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Cooperation and Hedging: Comparing US and South Korean Views of China

RESEARCH Public Opinion Survey by Karl Friedhoff, Dina Smeltz, and Scott Snyder
National flags outside of the United Nations.

Chicago Council and Asan Institute surveys conducted in 2019 find that both South Koreans and Americans see a strengthened US-ROK alliance as an asset in dealing with China, suggesting that Washington and Seoul can afford to strengthen coordination between their policies toward China.​

Introduction

While Seoul and Washington currently agree on using high-level diplomacy to encourage North Korea to denuclearize, South Korean and US approaches toward China differ and could become a source of friction between the two allies. Under President Donald Trump, the United States has confronted China through tariffs on Chinese imports and identified China as a near-peer adversary. Meanwhile, South Korean President Moon Jae-in has made efforts to end a dispute with China over the Terminal High Altitude Area Defense (THAAD) system and indicated openness to China’s Belt and Road Initiative. Public preferences in both the United States and South Korea are not necessarily aligned with their own governments’ policies toward China. Chicago Council and Asan Institute surveys conducted in 2019 find that both South Koreans and Americans see a strengthened US-ROK alliance as an asset in dealing with China, suggesting that Washington and Seoul can afford to strengthen coordination between their policies toward China.

Key Findings

  • While Americans are divided over US tariffs on Chinese goods (49% support, 47% oppose), they decidedly prefer a cooperative approach toward Beijing. Sixty-eight percent of Americans say the United States should undertake friendly cooperation and engagement with China rather than try to limit Chinese power.
  • South Koreans are generally more cautious in dealing with China. While half prefer that South Korea undertake friendly cooperation (52%) with China, 40 percent want to actively work to limit Beijing’s power.
  • Three-quarters of South Korean respondents (78%) say that South Korea should prioritize strengthening ties with the United States over those with China, whereas 14 percent say ties should be strengthened with China over the United States.
  • In 2018, 66 percent of Americans said the United States should prioritize building up strong relations with Japan and South Korea over relations with China. Only 26 percent favored building a new partnership with China over Asian allies.

Methodology

The analysis in this report is based on data from the 2019 Chicago Council Survey of the American public on foreign policy, a project of the Lester Crown Center on US Foreign Policy. The 2019 Chicago Council Survey was conducted June 7-20, 2019 by IPSOS using their large-scale nationwide online research panel, KnowledgePanel, among a weighted national sample of 2,059 adults, 18 years of age or older, living in all 50 US states and the District of Columbia. The margin of sampling error for the full sample is ±2.3, including a design effect of 1.1607. The margin of error is higher for partisan subgroups or for partial-sample items.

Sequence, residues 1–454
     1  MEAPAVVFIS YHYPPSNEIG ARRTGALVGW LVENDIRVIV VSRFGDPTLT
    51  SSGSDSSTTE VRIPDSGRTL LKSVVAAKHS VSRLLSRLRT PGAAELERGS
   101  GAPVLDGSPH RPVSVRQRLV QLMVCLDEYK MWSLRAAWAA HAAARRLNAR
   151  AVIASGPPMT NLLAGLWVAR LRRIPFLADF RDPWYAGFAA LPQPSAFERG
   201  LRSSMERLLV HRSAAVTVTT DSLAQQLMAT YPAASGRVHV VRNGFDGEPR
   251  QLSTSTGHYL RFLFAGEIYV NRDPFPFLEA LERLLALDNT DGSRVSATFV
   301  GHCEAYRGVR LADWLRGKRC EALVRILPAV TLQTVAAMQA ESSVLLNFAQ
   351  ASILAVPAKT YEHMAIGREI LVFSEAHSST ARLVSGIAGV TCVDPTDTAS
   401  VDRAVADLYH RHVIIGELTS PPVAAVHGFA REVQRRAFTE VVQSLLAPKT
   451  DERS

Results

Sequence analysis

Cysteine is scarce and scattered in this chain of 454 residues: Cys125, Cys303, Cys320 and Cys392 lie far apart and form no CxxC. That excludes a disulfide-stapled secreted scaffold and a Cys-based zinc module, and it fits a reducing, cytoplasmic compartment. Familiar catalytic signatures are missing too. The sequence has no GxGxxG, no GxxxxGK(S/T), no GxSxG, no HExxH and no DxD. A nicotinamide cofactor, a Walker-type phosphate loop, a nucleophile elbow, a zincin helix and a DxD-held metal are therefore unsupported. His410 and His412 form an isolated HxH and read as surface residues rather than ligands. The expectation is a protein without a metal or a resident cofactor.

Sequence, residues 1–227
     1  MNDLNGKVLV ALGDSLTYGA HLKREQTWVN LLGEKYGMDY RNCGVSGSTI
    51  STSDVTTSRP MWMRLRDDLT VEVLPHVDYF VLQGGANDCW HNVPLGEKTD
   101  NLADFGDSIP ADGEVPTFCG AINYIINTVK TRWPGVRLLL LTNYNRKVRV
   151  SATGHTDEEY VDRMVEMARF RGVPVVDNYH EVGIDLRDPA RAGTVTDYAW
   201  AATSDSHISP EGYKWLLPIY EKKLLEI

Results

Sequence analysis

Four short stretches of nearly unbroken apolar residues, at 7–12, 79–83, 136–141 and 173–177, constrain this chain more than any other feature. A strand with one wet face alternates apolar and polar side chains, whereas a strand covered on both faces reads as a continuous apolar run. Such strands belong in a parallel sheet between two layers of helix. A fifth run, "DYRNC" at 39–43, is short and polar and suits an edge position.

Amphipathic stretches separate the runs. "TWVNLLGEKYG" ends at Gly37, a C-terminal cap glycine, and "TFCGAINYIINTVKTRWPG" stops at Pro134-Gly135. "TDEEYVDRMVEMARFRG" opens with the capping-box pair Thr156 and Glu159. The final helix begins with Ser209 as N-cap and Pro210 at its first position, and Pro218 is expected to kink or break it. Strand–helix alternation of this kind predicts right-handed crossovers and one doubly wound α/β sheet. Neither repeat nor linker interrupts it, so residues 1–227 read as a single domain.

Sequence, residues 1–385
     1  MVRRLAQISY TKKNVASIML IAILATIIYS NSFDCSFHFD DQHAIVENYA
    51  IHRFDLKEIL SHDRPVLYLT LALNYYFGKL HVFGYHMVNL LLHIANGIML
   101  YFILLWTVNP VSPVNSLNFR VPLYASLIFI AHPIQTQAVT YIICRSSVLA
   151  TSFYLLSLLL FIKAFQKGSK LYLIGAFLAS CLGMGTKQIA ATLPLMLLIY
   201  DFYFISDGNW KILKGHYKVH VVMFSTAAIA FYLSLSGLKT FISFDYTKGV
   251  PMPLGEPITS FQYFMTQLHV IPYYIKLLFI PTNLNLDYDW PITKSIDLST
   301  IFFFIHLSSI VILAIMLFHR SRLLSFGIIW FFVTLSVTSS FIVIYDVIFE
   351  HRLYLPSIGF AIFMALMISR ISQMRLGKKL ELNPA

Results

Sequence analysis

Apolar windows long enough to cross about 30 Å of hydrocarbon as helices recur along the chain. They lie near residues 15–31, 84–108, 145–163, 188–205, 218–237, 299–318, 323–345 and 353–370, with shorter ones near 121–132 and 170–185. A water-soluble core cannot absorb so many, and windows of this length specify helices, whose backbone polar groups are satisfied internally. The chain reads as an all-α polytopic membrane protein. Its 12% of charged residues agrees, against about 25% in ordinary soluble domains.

Partisan identification is based on respondents’ answer to a standard partisan self-identification question: “Generally speaking, do you think of yourself as a Republican, a Democrat, an Independent, or what?” The analysis of South Korean public opinion is based on data from The Asan Institute for Policy Studies’ 2019 public opinion survey. The survey was conducted July 9-10, 2019 by Research & Research, using RDD (Random Digit Dialing) for mobile and landline phones and the CATI (Computer Assisted Telephone Interview) method. Data was weighted by age, gender, and region to create a nationally representative sample (n=1,000 adults ages 19+). The margin of sampling error is ±3.1 at a 95% confidence level.

Ideological stance is based on respondents’ answer to the following question: “What is your ideological stance? Please, indicate on a scale from 0 to 10, with 0 being very progressive, 5 being moderate, and 10 very conservative.” For analytic purposes, we recoded the answers into three categories as follows: progressive (0 to 4), moderate (5), and conservative (6 to 10).

About the Authors
Marshall M. Bouton Fellow for Asia Studies
Council expert Karl Friedhoff
Karl Friedhoff was a Korea Foundation-Mansfield Foundation US-Korea Nexus Scholar and a member of the Mansfield Foundation’s Trilateral Working Group prior to joining the Council. Previously, he was a program officer in the Public Opinion Studies Program at the Asan Institute for Policy Studies based in Seoul, South Korea.
Council expert Karl Friedhoff
Senior Fellow, Public Opinion and Foreign Policy
Headshot for Dina Smeltz
Dina Smeltz, a polling expert, has more than 25 years experience designing and fielding international social and political surveys. Prior to joining the Council to lead its annual survey of American attitudes on US foreign policy, she served in the Bureau of Intelligence and Research at the US State Department's Office of Research from 1992 to 2001.
Headshot for Dina Smeltz
Scott Snyder
Senior Fellow for Korea Studies and Director of the Program on US-Korea Policy, Council on Foreign Relations
Senior Fellow for Korea Studies and Director of the Program on US-Korea Policy, Council on Foreign Relations